Click the Libraries>Sub Methods>Boxfull menu to open the Cabinet Boxfull sub-Method dialog box.
In my example we can see that in the Recesses and overlaps Rules section (1) the default style has the top and side over lapping the back by 15mm with a 8mm groove.
We have to erase this rule so that the back is flush with the back of the cabinet and just butted up against the other panels.
Select rule by clicking on the line (2) and click the Erase button (3).
Setting cabinet sizes
Use the Propertises window to give the cabinet the size of the finished panel 2500mmx1200mm.
For the cabinet depth set the total cabinet depth the same as the thichness of the separating panels, in our case 45mm.
Keeping only the cabinet back
For our wall separations we only want to keep the back panel so use the “Panels” section to elimiate the Top, Bottom and Sides, just keeping the Back.
Creating assembly details for the panel
We are going to create a back with a framed and panel structure.
Select the back, open the “Structure >Edit” menu and select Assembly.
We want to create a frame with mortised styles and tenoned rails.
In the Assembly Method (1) roll down menu choose “Overpasssing Uprights”.
As we will be using mortise and tenon joints set the Mortise and Tenon depth (2) to 60mm, tick the Thickness option and set it to 10mm and add a 10mm shoulder.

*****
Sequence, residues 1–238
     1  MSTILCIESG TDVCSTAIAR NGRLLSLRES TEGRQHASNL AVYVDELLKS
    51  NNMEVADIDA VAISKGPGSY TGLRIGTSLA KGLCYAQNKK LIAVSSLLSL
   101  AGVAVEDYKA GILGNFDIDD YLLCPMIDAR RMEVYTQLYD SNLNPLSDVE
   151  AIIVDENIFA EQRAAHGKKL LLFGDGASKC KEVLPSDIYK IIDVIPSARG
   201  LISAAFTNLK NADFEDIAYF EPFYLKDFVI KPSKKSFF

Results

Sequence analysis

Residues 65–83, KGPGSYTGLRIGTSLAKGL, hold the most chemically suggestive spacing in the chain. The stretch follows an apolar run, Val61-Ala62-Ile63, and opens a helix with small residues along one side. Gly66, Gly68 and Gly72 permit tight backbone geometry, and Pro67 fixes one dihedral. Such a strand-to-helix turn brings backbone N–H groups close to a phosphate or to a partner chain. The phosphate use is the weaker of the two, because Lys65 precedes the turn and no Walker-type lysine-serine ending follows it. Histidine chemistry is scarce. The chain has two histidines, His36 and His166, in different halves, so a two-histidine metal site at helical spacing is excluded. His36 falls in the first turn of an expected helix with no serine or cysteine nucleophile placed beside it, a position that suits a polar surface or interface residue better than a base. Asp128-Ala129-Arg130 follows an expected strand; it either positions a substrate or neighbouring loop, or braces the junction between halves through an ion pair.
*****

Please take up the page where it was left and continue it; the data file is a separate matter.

In the same way set the following parameters:
Central Panels material to “19mm Beech”,
Set the Cross Bar Material Types to “Bar”, Material to “90×45 Beech”
Setting the height of the middle rail.
To place the middle rail at a precise height, in the Intermediate Cross Bar section, in the mode drop down menu, choose “Distance from Bottom” and type in 800 as the distance.
Click “OK” to validate all the parameters.
Framed panel with mortaise and tenons
Your cabinet back should look like (1) in the edit window.
In 3d textured mode (2) we can see the frame with 2 full panels.
The transparent view (3) shows the mortise and tenon joints.
Adding a plinth
Don’t forget that in Polyboard the panel is realy a cabinet and it can be modified using the cabinet editing commands.
So to add a plinth just click outside the model, add an lower elevation and add the plinth as if you were working on a cabinet.
Adding the model to the project
To add this new model to the project click the “Save” button (1) or the exit “X” (2).
In the dialog box tick “Create a new model” (3) and give a name.
Inserting the panel into the project
To insert the panel into the project, click the new panel in the list (1) and drag it into the project window and snap it to the wall (2).
3D view of project
To use the new full panel to make a glass panelled wall just make a new model and change the upper panel material to glass.
In the project mode you can easily assemble le different panels that snap neatly together to make your project.
Note that each panel remains parametric so it’s easy to change its dimensions.
Video on making panelled wall separations
This video shows how to set up these panels, add doors and adjust them to the walls.
Please leave a comment if you have any questions.
For more information see this overview of Polyboard.